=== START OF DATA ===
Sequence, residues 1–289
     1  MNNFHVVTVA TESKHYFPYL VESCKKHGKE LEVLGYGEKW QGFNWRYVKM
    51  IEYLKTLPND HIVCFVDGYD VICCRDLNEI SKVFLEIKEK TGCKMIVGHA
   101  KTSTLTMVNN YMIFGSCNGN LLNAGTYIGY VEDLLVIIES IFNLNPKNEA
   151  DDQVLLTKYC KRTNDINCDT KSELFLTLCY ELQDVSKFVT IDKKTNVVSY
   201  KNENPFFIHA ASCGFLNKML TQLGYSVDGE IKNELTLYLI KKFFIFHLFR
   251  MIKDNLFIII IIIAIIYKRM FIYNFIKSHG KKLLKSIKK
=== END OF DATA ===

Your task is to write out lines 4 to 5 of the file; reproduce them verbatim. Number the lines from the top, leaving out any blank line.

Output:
   101  KTSTLTMVNN YMIFGSCNGN LLNAGTYIGY VEDLLVIIES IFNLNPKNEA
   151  DDQVLLTKYC KRTNDINCDT KSELFLTLCY ELQDVSKFVT IDKKTNVVSY